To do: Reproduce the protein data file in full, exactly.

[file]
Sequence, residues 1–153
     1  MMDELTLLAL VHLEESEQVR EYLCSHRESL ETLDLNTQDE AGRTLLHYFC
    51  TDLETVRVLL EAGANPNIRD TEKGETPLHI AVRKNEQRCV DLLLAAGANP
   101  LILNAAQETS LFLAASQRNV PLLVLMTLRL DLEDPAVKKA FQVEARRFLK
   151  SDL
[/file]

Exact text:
Sequence, residues 1–153
     1  MMDELTLLAL VHLEESEQVR EYLCSHRESL ETLDLNTQDE AGRTLLHYFC
    51  TDLETVRVLL EAGANPNIRD TEKGETPLHI AVRKNEQRCV DLLLAAGANP
   101  LILNAAQETS LFLAASQRNV PLLVLMTLRL DLEDPAVKKA FQVEARRFLK
   151  SDL